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The strengths and weaknesses of the ANSI/ACCT standards-development process were on full display at the ACCT annual conference in Oklahoma City this past February. Perhaps the most revealing session in this regard was “Zip Line Brake Systems & Landings, Part 2,” presented by Rich Klajnscek of Sea Fox Consulting. 

The session drew a large crowd, perhaps 75-80 persons, maybe more. It was a continuation of a session Klajnscek presented the previous year in Portland, Ore. Both sessions outlined the research and thinking that went into the development of the most recent ANSI/ACCT Draft Standard distributed in the fall of 2022. One key difference: some of that thinking had been rejected by the time this year’s session took place.

The draft standard was largely the work of a few individuals on the ACCT Technical Information, Research, and Education (TIRE) Committee, including Klajnscek, and the negative comments from the broader aerial adventure and challenge course industry showed that there was no consensus about this thinking. This was especially the case with the draft standard’s treatment of hand braking.

Despite that lack of consensus, Klajnscek’s presentation largely repeated the ideas and rules that the failed draft standard embodied. He appeared to believe that a few tweaks to the draft would be sufficient to win over those who had submitted negative comments, and that there was little room for changing the draft’s requirements regarding zip line braking.

Based on conversations API has had with designers, builders, and operators over the past year, as well as the parallel work being done by ASTM, it would appear that others will continue to disagree with Klajnscek and the TIRE Committee on that front.

That in itself demonstrates a shortcoming in the way the most recent draft standard was developed: too few individuals had contributed to it (a shortcoming ACCT is actively working to rectificy; see “Charting a New Course for Standards,” p. 10). There was little to no input from people who design, install, or operate hand braking systems. 

That input, though, will be essential to arrive at a draft standard capable of achieving future consensus. And it will likely lead to a standard that approaches braking, and hand braking, in a different manner.

Make no mistake, Klajnscek has the best of intentions. He is a respected and knowledgeable engineer with decades of experience in aerial activities. He invested a good deal of time and research into braking and, crucially—through his work as an inspector and an expert witness—into the causes of collisions between humans and between humans and objects.

Points of Agreement

A good portion of Klajnscek’s presentation focused on the physics involved in collisions—not just on zip lines, but collisions between people and objects in general. He explained the widely accepted idea that impacts between people and objects become significant and increasingly severe as speeds exceed 15 mph (as was outlined in an ACCT advisory in 2022 that Klajnscek helped draft). As such, the speed-risk relationship should inform how we look at speed on zips, he said.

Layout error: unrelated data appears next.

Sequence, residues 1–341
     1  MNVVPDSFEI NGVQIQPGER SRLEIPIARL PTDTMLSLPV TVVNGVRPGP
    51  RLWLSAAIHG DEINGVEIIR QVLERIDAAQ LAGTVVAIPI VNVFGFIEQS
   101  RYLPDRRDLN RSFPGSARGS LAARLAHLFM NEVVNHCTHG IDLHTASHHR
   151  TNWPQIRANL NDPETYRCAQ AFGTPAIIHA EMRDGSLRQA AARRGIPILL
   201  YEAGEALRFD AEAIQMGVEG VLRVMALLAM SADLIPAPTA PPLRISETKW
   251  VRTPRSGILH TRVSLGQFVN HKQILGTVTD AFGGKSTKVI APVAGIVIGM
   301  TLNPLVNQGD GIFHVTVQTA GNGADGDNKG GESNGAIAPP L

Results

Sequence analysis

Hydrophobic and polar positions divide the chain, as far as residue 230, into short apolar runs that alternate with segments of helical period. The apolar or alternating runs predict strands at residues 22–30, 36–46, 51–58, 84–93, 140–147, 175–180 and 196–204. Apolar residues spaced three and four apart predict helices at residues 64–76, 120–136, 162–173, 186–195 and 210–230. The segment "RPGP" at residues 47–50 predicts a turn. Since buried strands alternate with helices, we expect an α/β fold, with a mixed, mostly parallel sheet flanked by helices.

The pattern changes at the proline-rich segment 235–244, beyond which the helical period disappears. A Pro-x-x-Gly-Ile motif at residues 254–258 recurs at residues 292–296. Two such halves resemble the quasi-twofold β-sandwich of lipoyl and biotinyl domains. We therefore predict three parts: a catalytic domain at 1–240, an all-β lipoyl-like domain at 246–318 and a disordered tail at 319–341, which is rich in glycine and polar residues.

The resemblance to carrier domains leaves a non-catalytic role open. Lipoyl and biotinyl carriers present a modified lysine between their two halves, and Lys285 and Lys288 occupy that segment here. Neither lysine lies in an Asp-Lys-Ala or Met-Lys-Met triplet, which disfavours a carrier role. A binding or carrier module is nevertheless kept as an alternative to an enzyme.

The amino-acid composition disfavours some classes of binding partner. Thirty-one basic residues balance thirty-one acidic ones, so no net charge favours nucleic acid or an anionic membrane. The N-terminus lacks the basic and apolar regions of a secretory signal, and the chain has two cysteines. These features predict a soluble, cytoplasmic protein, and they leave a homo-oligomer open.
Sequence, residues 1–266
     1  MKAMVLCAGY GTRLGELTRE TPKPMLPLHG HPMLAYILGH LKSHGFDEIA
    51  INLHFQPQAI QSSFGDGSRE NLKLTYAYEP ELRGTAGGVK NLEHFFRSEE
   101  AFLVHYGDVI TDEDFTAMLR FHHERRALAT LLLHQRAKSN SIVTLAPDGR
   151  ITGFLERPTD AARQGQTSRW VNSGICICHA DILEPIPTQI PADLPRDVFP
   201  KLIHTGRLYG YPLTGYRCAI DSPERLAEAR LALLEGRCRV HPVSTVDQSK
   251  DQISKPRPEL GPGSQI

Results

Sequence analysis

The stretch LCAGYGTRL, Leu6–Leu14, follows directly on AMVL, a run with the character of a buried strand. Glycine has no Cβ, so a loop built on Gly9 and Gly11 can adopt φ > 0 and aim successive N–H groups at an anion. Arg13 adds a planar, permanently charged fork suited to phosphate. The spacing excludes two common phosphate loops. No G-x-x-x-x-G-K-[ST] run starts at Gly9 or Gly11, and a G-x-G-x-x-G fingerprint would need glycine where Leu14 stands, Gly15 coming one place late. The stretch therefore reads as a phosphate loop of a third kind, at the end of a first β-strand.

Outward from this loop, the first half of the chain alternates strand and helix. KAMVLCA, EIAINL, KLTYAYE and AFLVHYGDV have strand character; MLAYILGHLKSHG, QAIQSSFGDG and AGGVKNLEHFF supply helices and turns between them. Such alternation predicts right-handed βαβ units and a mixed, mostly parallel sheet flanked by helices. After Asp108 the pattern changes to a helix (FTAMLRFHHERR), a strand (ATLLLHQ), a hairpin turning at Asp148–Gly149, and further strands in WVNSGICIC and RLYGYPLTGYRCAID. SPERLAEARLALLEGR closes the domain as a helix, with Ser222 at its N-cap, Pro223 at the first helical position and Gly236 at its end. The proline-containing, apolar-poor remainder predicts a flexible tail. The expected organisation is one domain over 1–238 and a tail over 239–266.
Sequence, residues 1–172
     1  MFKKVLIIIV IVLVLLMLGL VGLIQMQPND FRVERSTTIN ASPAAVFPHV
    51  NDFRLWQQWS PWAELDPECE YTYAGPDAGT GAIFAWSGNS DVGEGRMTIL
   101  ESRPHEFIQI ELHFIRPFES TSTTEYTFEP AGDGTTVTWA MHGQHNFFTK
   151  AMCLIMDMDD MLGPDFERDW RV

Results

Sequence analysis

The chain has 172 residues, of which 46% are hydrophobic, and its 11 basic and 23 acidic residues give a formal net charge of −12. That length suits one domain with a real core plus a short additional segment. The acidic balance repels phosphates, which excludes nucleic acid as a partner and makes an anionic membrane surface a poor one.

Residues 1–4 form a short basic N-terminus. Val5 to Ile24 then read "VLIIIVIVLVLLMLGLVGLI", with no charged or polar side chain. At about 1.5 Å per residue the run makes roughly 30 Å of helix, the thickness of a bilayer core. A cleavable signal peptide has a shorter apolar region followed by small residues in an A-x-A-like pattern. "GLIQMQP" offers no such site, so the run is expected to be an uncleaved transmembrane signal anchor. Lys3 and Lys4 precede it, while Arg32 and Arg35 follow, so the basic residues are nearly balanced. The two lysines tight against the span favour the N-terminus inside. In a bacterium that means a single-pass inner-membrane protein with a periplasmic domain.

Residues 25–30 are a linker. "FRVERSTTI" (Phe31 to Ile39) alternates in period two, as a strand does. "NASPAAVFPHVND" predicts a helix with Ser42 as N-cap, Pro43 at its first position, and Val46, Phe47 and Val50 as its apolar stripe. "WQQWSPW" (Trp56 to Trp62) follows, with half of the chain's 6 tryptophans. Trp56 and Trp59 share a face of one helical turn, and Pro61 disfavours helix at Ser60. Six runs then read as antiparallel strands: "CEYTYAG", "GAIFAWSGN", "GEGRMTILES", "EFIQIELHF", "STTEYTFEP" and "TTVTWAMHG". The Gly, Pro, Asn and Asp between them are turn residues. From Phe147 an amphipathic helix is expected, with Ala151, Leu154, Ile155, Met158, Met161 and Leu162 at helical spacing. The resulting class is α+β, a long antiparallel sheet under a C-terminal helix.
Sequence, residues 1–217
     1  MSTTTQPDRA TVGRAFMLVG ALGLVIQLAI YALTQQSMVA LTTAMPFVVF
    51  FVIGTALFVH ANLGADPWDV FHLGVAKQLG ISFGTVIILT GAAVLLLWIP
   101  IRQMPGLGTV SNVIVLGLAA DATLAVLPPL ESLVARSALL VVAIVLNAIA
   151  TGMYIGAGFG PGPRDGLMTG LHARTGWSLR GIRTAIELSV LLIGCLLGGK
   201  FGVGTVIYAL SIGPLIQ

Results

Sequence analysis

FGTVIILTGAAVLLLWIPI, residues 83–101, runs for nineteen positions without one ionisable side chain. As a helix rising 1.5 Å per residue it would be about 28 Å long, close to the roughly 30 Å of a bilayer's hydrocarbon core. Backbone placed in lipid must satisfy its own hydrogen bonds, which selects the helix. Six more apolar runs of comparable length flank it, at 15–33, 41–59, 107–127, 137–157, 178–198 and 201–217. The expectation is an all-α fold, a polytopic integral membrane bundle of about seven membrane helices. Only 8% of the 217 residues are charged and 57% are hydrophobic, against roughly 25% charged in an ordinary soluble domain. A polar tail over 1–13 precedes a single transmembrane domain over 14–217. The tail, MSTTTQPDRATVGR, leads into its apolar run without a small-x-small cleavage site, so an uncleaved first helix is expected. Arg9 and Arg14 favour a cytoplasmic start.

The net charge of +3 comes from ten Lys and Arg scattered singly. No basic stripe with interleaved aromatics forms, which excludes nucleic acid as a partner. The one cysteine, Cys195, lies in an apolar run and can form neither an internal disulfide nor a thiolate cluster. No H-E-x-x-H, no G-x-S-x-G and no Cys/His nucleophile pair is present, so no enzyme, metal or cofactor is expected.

The standard, he argued, must address preventing collisions with people or “stuff,” the appropriate brake for the landing speeds, preventing rider interaction when that’s too risky, braking riders gently, and consider worst-case scenarios. Most people would agree with those points.

But there’s far less agreement on how to achieve these goals.

Points of Disagreement

Klajnscek makes several assumptions that are clearly not shared by others in the industry, including many who have more experience in hand braking design, installation, and operations.

For example, Klajnscek noted that in his experience as an expert witness in court cases, 75 percent involved zip line incidents, and 59 percent of those (44 percent of all his cases), involve brakes/landings. His expert witness work, though, is not representative of all incidents involving zip line operations, nor is it representative of the operations and experiences themselves, commercial or educational. Nor was hand braking involved in all the brake/landing lawsuits. (To the contrary: Insurance claims data indicate that most lawsuits around collisions during braking involve automated systems, not hand braking. See “Analyzing 2023 Incident Trends,” p. 16.)

Klajnscek stated that collisions with objects are relatively rare, a point on which many in the industry agree. However, collisions with people, he said, are “still common”—a characterization that many North American operators would likely reject, even if collisions with people occur more often than collisions with objects. Plus, many of the collisions involving people that end up in court occur on zip lines with automatic brakes; the main issue in these cases surrounds communication between the sending and arrival platforms, not the type of brake used.

Simply put: Klajnscek (along with some other members of the TIRE Committee) believe that guests and even guides are unreliable when it comes to hand braking, and that automated systems are much more reliable. Operators, designers, and builders of hand braking zip lines believe that guests are in fact quite capable of hand braking, guides are even more so, and that automated systems are less reliable, efficient, and gentle in practice than the engineers believe. And, again, it appears that many collisions between people are the result of communication breakdowns between sending and arrival platforms, regardless of the braking system used.